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What is crime and offence. What is the difference between Crime and Offence? How many types of offence.

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For some readers, the title “difference between crime and offence” may seem incorrect or at the very least incongruous. This is due to the widespread perception that crime and offence have equivalent meanings and can be used interchangeably. Though there are undoubtedly many similarities between the two ideas, this article will focus on their minor differences rather than their overlap.

What is Crime

 Crime differentiates from social norms in that it is illegal to break social norms, and those who do so are not subject to legal consequences. A person can only be detained, questioned by law enforcement, and eventually tried in court if he has committed a crime that is against a written law. If the accused is found guilty, the court may sentence him or her to prison along with a monetary fine.

Every society has a set of codified laws and rules to cope with those who act differently from what is expected of them. People who break these regulations are dealt with as criminals and punished in accordance with local laws. Any activity that endangers people or society at large is illegal and punished as such.

What is Offence

 A violation of civil or criminal law is referred to as an offence in dictionaries. Because of the nature of this offence, the offender faces the possibility of serving time in prison as well as a financial penalty. The definitions of an offence vary depending on the judicial systems in existence in the various nations of the world. The important point to keep in mind is that a crime can only be punished by the law if it is cognizable. This implies that for an offence to be brought before a court of law, it must violate some penal statutes. It is not an offence unless the conduct or behaviour is not mentioned in the law.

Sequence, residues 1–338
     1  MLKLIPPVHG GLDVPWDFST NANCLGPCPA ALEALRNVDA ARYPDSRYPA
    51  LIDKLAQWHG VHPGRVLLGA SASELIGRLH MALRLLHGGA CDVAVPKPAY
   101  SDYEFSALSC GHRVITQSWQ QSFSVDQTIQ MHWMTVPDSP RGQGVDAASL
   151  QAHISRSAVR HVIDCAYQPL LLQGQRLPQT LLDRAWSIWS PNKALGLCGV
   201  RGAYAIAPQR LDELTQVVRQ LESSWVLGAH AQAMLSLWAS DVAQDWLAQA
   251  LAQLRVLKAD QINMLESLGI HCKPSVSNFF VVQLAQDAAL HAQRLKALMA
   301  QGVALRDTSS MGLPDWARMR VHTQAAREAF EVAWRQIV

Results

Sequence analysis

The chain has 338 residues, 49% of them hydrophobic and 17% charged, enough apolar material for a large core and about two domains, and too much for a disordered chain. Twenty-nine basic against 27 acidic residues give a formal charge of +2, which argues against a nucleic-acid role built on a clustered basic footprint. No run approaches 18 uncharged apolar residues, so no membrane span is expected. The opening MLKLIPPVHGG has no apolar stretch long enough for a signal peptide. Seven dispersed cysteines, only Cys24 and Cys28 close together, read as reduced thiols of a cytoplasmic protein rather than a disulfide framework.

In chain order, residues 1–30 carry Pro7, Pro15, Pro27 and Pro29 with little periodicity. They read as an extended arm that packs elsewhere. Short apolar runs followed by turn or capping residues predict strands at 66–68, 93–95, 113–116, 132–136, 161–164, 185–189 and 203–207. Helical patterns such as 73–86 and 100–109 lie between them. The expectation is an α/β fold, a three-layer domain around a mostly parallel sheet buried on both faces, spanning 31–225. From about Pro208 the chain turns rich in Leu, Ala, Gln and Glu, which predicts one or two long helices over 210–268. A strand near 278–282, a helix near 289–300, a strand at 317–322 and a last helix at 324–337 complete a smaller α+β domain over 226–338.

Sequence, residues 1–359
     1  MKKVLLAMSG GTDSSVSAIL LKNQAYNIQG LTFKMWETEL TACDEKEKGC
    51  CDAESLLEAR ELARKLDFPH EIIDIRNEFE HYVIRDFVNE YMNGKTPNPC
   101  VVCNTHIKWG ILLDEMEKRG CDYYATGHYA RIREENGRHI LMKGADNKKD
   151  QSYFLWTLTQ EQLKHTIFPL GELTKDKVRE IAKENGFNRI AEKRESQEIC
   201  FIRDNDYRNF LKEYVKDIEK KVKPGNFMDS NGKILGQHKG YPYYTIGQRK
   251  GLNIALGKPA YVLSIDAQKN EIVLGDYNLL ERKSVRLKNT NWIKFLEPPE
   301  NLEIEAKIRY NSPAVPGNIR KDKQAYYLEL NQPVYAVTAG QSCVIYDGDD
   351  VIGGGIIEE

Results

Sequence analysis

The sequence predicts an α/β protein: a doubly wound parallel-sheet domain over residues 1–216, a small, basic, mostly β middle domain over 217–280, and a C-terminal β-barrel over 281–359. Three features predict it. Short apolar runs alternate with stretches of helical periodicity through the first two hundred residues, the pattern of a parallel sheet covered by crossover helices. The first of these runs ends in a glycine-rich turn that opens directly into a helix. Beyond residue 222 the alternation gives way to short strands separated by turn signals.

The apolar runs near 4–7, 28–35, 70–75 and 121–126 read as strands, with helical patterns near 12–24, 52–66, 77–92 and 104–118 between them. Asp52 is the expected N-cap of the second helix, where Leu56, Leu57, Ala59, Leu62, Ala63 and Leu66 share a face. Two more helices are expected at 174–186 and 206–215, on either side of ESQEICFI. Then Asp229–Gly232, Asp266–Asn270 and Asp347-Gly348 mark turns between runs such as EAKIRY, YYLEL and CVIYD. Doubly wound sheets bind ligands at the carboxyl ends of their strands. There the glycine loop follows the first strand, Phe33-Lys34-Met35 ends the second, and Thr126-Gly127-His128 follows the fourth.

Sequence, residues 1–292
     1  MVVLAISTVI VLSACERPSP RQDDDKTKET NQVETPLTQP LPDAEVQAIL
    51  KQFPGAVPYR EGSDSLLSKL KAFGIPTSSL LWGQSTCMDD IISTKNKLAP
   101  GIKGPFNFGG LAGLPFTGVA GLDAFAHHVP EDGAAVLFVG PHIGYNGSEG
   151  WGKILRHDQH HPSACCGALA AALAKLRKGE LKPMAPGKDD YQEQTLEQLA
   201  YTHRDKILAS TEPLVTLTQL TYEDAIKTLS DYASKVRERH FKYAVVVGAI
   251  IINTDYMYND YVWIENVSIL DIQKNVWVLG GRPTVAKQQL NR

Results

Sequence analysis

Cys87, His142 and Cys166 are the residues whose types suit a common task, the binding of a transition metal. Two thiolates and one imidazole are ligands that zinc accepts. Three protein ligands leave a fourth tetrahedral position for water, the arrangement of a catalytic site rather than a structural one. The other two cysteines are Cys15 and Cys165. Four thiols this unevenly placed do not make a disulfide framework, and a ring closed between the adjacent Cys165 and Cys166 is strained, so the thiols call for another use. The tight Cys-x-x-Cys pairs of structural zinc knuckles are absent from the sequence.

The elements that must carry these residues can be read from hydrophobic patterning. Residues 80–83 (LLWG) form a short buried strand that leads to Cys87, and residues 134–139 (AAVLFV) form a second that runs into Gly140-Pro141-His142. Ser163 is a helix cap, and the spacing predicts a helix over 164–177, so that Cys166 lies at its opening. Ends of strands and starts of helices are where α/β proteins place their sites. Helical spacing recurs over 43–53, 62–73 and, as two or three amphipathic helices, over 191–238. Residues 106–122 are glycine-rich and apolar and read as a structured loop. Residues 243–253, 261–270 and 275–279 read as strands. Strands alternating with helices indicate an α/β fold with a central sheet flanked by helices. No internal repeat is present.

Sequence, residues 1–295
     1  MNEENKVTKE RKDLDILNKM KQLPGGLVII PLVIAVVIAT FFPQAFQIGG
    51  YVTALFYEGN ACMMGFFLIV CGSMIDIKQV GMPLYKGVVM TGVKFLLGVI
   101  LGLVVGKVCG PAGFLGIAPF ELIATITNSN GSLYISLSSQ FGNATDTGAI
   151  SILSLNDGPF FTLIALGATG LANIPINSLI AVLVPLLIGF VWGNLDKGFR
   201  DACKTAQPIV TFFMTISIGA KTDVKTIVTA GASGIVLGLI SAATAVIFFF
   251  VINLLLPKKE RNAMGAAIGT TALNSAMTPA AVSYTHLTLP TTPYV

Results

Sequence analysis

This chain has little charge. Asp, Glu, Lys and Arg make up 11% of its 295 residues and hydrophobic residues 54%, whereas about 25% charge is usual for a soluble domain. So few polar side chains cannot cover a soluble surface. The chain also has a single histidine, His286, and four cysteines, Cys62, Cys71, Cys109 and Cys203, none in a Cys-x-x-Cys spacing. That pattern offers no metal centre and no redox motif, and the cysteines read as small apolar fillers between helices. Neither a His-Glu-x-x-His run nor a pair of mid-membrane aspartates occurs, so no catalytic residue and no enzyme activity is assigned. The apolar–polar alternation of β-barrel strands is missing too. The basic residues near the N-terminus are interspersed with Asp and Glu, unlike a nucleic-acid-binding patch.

Difference Between Crime And Offence

 Crime is an act or omission punishable by law. It is a general phrase used to describe all forms of unlawful behaviour against the society that is penalised by law or, more precisely, by a judge. Its etymology is “cernere,” which means “to judge” in Latin. If not, it can be broadly applied to other immoral and social behaviours.

An offence is a specific offence under the law. According to section 40 of the Indian Penal Code, 1860, an offence is an act that is punishable by the code and Offense is a more precise term.

Types of Offences

 Cognizable Offences

 As per the Criminal Procedure Code section 2 clause (c) defines cognizable offense as those offenses for which, and “cognizable case” means a case in which, a police officer may, in accordance with the First Schedule or under any other law for the time being in force, arrest without a warrant.

Without a warrant, a police officer has the power to make an arrest of the alleged offender and conduct their own independent investigation into the matter.

Examples: Crimes like rape, murder and theft are considered cognizable.

Non-Cognizable Offences

 As per the Criminal Procedure Code section 2 clause l states that non-cognizable offense for which, non-cognizable case means in which, a police officer has no authority to arrest without a warrant.

A police officer can only make an arrest in relation to a non-cognizable offence with a warrant, and they are not authorised to conduct an investigation into a non-cognizable offence without a Judicial Magistrate’s order.

Examples: Crimes like public nuisance, hurt and mischief.

Bailable Offences

 A bailable offence is one in which the right to bail is absolute and unassailable; it may be granted by the police officer holding the offender or the concerned magistrate. Such offences include belonging to an illegal assembly, providing false testimony in court, upsetting a gathering, etc. A bailable offence is entitled to be released on bail pending his trial, according to the ruling in Rasiklal v. Kishor. Based on a “Bail Bond,” the offender gets released.

Non-Bailable Offences

 Non-bailable offenses—which typically include murder, rape, etc.—are those for which bail is not a matter of right and must be granted at the court’s discretion. In State of Maharastra v. Ramesh Taurani, it was decided that in addition to other factors, the nature and seriousness of the offence must be taken into account when determining whether to grant bail for a non-bailable offence. Here, a “bail bond” is used to issue bail with stricter restrictions than for an offence that is subject to bail. In the case of state v. Caption Jagjit Singh, it was decided that a person convicted of a non-bailable offence cannot be released on bail if they face life in prison or the death penalty.

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